### Proofs with Pictures

##### Age 14 to 18

Some diagrammatic 'proofs' of algebraic identities and inequalities.

### Fractional Calculus III

##### Age 16 to 18

Fractional calculus is a generalisation of ordinary calculus where you can differentiate n times when n is not a whole number.

### Impossible Sandwiches

##### Age 11 to 18

In this 7-sandwich: 7 1 3 1 6 4 3 5 7 2 4 6 2 5 there are 7 numbers between the 7s, 6 between the 6s etc. The article shows which values of n can make n-sandwiches and which cannot.

### Euclid's Algorithm II

##### Age 16 to 18

We continue the discussion given in Euclid's Algorithm I, and here we shall discover when an equation of the form ax+by=c has no solutions, and when it has infinitely many solutions.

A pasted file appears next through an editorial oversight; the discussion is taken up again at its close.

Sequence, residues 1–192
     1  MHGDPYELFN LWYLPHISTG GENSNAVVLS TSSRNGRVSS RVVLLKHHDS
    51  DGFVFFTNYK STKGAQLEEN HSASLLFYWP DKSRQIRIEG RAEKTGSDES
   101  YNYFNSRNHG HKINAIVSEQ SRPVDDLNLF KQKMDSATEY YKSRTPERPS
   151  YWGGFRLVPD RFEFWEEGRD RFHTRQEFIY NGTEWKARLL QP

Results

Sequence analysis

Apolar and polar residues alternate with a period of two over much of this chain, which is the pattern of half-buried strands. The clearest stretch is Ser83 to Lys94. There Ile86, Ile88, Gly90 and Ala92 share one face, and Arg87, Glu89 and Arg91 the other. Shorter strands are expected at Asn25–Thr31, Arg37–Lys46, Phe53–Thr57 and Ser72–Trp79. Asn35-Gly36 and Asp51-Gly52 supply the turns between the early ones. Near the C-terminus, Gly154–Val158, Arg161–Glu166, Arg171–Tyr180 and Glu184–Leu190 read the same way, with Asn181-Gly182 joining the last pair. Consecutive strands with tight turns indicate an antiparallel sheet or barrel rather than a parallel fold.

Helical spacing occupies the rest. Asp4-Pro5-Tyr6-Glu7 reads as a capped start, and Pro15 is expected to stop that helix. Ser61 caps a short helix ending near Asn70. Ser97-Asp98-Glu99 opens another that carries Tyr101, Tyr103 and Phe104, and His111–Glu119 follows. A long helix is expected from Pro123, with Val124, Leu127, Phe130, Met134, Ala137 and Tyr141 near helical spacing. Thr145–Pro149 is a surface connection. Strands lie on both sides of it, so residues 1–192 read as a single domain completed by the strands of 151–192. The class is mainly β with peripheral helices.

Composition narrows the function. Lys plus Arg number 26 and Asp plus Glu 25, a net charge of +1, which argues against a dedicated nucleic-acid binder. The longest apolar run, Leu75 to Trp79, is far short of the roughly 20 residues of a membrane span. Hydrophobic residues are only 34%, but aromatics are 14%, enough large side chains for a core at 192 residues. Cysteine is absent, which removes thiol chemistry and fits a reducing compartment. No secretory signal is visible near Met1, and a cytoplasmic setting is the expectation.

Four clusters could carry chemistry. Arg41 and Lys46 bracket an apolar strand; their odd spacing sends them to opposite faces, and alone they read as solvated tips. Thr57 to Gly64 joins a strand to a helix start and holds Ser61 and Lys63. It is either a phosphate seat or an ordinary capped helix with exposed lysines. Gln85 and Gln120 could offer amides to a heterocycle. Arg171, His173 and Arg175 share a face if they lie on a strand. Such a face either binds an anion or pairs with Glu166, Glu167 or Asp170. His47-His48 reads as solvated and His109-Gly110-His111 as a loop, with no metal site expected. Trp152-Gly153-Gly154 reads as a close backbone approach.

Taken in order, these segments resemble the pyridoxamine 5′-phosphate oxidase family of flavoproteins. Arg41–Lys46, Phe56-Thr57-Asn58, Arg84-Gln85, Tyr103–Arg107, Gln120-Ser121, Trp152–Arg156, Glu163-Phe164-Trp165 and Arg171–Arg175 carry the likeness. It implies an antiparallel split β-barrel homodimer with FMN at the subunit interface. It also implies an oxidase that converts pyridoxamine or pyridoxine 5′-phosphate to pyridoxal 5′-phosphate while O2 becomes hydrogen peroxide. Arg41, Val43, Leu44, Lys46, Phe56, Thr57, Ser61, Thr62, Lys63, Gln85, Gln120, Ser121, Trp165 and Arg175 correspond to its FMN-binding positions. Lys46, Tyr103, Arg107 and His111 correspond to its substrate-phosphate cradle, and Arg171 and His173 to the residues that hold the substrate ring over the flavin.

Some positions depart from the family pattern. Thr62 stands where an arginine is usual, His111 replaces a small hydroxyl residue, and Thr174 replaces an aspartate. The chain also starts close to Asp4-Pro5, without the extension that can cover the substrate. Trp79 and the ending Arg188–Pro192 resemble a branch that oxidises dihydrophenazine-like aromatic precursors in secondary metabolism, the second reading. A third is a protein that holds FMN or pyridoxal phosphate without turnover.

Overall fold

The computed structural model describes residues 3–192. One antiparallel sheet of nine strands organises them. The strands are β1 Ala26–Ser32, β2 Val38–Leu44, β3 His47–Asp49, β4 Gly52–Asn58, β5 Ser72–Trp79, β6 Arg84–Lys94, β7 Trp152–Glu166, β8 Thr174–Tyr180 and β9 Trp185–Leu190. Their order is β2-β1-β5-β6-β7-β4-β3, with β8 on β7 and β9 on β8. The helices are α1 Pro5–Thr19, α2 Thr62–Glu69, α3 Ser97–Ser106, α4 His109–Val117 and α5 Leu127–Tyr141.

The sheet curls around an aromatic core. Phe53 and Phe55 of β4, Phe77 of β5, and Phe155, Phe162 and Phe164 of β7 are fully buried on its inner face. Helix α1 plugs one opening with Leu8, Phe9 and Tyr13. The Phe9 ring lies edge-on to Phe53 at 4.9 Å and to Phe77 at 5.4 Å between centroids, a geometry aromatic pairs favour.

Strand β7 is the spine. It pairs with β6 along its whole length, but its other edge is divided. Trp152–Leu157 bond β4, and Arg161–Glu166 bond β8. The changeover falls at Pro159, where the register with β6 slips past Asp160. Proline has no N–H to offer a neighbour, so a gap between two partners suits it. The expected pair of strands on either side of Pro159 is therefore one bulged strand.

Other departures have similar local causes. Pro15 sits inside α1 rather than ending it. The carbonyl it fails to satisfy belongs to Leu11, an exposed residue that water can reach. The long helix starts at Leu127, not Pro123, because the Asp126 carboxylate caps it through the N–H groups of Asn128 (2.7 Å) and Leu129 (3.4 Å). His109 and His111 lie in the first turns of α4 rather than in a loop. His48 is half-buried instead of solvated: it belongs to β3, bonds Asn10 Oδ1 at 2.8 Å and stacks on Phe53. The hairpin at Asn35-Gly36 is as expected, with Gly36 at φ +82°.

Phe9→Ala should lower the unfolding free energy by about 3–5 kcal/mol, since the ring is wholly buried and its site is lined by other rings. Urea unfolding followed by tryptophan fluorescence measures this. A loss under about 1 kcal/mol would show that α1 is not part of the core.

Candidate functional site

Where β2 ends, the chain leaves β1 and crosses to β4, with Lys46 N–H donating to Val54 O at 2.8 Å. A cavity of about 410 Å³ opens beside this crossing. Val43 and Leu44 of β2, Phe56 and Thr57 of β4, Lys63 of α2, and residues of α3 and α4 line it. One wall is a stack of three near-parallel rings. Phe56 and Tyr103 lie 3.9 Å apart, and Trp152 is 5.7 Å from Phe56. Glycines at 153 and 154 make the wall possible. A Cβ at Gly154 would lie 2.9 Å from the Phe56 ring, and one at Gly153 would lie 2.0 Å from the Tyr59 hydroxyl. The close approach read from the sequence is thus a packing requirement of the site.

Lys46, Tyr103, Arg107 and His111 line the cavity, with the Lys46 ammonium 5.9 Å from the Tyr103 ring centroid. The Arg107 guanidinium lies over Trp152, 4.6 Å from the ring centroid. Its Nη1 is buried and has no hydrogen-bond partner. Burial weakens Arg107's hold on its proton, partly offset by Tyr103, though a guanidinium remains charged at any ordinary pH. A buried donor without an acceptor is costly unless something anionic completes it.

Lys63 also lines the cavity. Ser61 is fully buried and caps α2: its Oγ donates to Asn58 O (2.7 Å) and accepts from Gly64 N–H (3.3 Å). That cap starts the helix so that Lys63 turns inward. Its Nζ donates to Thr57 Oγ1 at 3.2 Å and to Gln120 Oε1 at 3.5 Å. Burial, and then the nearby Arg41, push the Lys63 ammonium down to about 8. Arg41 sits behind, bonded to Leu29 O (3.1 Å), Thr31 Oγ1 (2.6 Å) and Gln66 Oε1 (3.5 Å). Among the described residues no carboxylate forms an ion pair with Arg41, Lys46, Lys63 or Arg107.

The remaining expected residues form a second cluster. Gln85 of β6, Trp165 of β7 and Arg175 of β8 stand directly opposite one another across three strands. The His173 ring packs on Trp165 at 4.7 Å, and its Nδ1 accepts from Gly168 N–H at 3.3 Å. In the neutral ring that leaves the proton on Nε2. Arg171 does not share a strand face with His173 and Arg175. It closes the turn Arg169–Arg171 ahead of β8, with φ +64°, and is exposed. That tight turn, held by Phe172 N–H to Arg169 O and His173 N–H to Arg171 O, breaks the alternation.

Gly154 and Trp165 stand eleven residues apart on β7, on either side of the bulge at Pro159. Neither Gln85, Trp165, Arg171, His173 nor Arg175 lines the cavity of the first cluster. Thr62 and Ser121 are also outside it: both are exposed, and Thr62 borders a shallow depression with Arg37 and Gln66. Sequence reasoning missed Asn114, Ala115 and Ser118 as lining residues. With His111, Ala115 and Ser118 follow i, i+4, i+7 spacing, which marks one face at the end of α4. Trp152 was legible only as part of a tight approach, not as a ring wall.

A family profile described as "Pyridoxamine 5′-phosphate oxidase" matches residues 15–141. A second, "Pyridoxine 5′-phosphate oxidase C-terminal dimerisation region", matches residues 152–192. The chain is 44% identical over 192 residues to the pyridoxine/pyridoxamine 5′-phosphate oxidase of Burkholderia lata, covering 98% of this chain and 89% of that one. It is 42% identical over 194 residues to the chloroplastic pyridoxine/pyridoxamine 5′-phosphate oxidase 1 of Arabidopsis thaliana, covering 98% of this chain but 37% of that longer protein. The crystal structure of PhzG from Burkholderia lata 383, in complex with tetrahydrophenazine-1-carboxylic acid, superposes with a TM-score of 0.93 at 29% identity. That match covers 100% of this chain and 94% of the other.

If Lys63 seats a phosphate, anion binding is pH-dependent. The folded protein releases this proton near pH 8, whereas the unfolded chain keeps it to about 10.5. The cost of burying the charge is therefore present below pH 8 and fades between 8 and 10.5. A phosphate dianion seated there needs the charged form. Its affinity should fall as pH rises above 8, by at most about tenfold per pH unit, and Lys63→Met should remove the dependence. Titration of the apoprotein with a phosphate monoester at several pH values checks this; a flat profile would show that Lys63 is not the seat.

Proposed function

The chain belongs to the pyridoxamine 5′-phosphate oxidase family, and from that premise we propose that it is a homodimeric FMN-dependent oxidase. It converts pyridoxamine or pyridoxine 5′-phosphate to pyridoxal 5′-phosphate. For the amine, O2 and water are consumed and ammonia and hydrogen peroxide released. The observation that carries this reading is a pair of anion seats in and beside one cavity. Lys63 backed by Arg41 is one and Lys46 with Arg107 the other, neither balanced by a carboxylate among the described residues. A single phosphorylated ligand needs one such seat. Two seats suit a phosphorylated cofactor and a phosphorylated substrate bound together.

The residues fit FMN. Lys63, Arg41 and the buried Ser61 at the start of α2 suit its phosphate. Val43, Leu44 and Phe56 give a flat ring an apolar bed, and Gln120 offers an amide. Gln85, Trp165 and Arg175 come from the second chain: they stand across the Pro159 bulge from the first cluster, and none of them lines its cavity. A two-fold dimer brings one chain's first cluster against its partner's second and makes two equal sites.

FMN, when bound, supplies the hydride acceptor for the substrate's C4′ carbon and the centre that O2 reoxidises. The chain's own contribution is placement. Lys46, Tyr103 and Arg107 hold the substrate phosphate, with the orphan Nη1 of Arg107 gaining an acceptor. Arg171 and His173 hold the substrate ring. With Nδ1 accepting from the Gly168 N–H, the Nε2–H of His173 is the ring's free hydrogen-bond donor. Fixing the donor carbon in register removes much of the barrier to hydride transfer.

### Transitivity

##### Age 16 to 18

Suppose A always beats B and B always beats C, then would you expect A to beat C? Not always! What seems obvious is not always true. Results always need to be proved in mathematics.

### Sums of Squares and Sums of Cubes

##### Age 16 to 18

An account of methods for finding whether or not a number can be written as the sum of two or more squares or as the sum of two or more cubes.

### Modulus Arithmetic and a Solution to Differences

##### Age 16 to 18

Peter Zimmerman, a Year 13 student at Mill Hill County High School in Barnet, London wrote this account of modulus arithmetic.

### Magic Squares II

##### Age 14 to 18

An article which gives an account of some properties of magic squares.

### Picturing Pythagorean Triples

##### Age 14 to 18

This article discusses how every Pythagorean triple (a, b, c) can be illustrated by a square and an L shape within another square. You are invited to find some triples for yourself.

### Where Do We Get Our Feet Wet?

##### Age 16 to 18

Professor Korner has generously supported school mathematics for more than 30 years and has been a good friend to NRICH since it started.